We spent a lovely four days at the tail end of our recent trip through South Africa exploring Capetown and it’s environs. Though our stay began with a misstep, it resolved itself with beautiful scenery and delicious decadence.
We intended to hire a car immediately and drive to our first destination- Gansbaai, the Great White Shark cage-diving capital of the world. We had reserved a 3:00PM sail, theoretically leaving plenty of time to pickup the car from the airport and make the 2 hour drive down the coast. Unfortunately, we received an email that the dive time would be changed to 11:30AM due to sea conditions and (long story short) missed the boat. All of the vendors had similarly cancelled their afternoon trips, and were totally booked for the next week. This left no other option but to retire cage diving with these beautiful beasts back to the bucket list. The moral here: Christmastime is extremely popular for these kinds of activities in South Africa, and other sea-based activities later in the trip were also cancelled because of poor sea conditions. Plan far in advance for these adventures, but also be prepared for last-minute changes forced by Mother Nature.
We then drove on to Franschhoek, where we would be staying for the next two nights. The Marriott Protea was fairly well located, providing easy access to the beautiful and walkable downtown. Luckily, the nearby Village Market had extended hours, crafts, and live music for Christmas, giving us our first taste of local food and wine before resting up for the next day’s adventures.
We returned to the market the next morning for the best coffee I’ve ever had from a truck, then checked in for The Franschhoek Wine Tram. You must chose a route before purchasing your ticket, with each visiting a different series of vineyards. We chose the yellow route, beginning on an actual train and then continuing by trolley. Your ticket allows for five hours of exploration at a maximum of five vineyards within that time, and the route only proceeds in one direction before returning to the village. You can choose to stay longer at a specific winery, but then subtract a visit for every additional time slot you spend there.
This train experience was a deciding factor in choosing Franschhoek over Stellenbosch as our hub, and we found the entire wine tasting experience to be extremely family friendly. Most wineries had some sort of play area for children, and punctuating tastings with train or trolley helped with keeping our son busy. Though the vineyards are relatively close to each other, the train allowed the adults to taste freely while the little ones play.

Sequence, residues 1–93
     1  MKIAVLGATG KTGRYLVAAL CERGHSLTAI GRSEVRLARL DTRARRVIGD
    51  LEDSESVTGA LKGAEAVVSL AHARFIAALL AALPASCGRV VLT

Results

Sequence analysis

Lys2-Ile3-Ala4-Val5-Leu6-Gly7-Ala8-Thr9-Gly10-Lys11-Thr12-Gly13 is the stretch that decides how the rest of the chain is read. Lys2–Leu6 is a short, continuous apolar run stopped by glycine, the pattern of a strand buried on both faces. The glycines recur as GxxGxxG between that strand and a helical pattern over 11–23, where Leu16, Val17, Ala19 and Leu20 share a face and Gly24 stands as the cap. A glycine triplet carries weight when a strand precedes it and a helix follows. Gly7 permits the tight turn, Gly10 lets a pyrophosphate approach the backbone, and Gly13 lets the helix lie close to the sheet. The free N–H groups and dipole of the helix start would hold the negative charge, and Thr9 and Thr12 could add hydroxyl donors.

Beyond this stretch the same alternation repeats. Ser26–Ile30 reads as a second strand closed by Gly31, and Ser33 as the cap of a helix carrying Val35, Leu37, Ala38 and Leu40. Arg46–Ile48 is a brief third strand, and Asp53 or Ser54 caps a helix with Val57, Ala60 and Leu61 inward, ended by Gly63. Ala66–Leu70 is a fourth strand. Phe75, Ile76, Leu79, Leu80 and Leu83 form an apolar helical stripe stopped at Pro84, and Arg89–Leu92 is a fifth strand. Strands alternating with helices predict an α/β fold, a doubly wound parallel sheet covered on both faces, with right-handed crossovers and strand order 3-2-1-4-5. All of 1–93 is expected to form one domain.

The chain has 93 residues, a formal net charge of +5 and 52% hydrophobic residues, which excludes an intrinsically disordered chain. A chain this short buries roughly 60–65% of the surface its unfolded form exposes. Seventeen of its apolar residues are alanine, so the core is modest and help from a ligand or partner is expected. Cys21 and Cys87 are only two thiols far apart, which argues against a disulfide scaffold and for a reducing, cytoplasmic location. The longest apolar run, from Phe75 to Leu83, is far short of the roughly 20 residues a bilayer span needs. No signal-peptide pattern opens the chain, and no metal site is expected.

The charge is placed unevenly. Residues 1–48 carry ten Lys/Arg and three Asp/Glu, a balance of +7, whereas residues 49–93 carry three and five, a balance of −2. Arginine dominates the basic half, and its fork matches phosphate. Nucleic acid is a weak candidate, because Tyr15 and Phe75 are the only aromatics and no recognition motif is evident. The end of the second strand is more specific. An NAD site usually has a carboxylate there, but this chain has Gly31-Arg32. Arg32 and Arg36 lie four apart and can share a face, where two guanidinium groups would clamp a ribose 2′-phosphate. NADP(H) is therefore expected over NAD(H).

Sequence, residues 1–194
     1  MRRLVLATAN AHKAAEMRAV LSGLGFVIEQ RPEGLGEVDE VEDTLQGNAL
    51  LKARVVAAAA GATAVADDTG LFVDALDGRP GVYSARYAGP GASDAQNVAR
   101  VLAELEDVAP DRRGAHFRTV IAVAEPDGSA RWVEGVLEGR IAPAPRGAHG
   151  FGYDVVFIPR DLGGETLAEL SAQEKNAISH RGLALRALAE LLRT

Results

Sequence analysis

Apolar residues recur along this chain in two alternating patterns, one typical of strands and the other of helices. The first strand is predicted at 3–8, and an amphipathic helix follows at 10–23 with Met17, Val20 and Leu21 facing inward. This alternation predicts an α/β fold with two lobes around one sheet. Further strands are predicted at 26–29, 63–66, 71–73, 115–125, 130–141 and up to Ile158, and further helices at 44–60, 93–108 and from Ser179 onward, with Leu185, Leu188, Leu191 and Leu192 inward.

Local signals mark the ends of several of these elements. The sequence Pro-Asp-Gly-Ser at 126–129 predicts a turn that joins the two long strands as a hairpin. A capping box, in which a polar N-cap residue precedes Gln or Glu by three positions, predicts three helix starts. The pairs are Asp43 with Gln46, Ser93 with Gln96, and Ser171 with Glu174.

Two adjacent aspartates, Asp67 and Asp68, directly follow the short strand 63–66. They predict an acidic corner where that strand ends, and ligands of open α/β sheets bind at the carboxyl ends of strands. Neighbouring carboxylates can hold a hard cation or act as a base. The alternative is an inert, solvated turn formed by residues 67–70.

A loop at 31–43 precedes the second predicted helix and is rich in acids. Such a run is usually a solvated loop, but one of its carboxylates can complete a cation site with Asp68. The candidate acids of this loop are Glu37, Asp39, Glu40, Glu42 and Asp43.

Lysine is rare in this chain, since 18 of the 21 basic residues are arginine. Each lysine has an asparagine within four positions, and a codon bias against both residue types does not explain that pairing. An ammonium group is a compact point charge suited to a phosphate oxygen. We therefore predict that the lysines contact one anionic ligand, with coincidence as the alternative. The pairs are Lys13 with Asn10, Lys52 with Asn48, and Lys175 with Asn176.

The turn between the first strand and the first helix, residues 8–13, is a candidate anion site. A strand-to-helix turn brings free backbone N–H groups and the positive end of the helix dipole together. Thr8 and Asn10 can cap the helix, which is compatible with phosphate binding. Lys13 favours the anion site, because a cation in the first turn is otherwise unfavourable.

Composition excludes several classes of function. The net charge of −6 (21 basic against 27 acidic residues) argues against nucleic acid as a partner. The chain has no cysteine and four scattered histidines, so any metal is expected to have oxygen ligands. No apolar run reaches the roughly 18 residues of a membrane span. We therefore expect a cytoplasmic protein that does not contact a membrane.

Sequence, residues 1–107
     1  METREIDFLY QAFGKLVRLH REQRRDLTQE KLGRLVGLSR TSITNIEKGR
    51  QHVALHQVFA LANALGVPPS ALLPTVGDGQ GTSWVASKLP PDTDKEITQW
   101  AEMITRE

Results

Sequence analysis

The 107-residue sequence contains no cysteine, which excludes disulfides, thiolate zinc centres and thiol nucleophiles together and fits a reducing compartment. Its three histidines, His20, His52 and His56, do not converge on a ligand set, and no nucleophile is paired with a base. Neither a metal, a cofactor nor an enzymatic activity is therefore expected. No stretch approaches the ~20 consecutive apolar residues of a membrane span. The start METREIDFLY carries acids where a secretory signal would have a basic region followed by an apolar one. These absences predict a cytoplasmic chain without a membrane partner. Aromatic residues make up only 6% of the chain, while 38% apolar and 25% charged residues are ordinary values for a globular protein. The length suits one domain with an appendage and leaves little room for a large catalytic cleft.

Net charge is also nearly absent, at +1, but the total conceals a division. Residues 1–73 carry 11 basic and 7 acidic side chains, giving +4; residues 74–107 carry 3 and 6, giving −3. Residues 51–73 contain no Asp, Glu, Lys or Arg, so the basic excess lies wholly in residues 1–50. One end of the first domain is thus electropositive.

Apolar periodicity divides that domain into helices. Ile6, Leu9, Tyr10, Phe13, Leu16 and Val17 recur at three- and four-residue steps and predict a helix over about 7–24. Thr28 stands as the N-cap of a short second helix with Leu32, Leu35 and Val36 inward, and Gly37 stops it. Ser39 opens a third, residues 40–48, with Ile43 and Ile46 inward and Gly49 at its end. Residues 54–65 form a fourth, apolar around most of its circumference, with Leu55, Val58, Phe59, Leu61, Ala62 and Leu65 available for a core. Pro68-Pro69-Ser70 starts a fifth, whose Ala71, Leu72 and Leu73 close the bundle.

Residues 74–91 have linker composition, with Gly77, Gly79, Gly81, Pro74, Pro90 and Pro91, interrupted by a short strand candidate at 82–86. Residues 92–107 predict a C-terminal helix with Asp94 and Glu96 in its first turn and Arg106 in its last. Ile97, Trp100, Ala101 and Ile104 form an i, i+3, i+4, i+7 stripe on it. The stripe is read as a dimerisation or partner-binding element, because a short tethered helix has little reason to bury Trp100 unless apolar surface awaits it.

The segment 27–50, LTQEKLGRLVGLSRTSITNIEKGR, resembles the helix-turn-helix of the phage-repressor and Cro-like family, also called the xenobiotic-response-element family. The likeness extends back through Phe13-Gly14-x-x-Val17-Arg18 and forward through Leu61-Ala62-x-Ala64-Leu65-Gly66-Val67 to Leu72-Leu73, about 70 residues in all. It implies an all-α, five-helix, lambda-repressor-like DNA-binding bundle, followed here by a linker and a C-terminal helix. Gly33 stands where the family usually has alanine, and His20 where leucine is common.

Picking which to visit depends on your priorities: Varietal of preference or experience you are seeking. We opted for a complex combination of unique food, impressive scenery, and renowned wine quality. This equated to stops at Rickety Bridge, Grande Provence, Maison, Eikehof, and Chamonix (in that order). The approach to Rickety Bridge was impressive, but as the first stop, we were still getting used to the procedure of hopping on and off the train so did not order any food. At Grande Provence, our wine and nougat pairing was nice, but the real stars of this property were the sculptures lacing the garden.
Maison was our favorite of the day. The beautiful charcuterie platter was full of artisanal jams and cheeses, and sampling their offerings while chickens free-roamed the property made everything taste better. I would love to have had time for a proper meal.
Eikehof is a smaller, family-owned farm, and while the wine wasn’t our favorite, their hospitality and personal relationship with wine production were charming. The meat and cheese platter overflowed with biltong and farm-grown fruits, which were all very yummy. Added bonus- the ostrich patrolling the rows of vines while we ate.
By the time we reached Chamonix, we were all pretty tired and mostly wined-out. The farm does offer a unique Wine and Game Drive to their private game farm, which must be pre-booked. Since we had already done other safaris, we did not book this option. Instead, the highlight of this stop was a great playground and a cute little girl we met there. Her family was Bulgarian but living in Botswana, and we chatted the rest of the way back to Franschhoek. The little ones sat together on the tram and hugged as we said goodbye.
Though we had a surprisingly good pizza at Col’cacchio for dinner (and a very weird coffee in a cone), Franschhoek Station Pub offered the winning trifecta of an awesome playground, craft beer, and space for DYI braai! This place is great, and I would happily revisit with lots of meat in the future.
We packed up for an early start the following morning, driving towards Stellenbosch to compare this other renowned area to its counterpart. As it was Christmas Eve, we were unsure of how it would affect our experience. We quickly and happily realized that holiday picnicking at wineries is a very big THING. I had discovered Boschendal during some preliminary research, and a chance stop here proved to be our favorite of them all. The estate recognizes its location within the Cape Floral Kingdom and recognized World Heritage site, where biodiversity is extraordinarily high and sustainability is their priority. In addition, the estate is breathtaking, the food is world class, and oh…. the wine is pretty great too.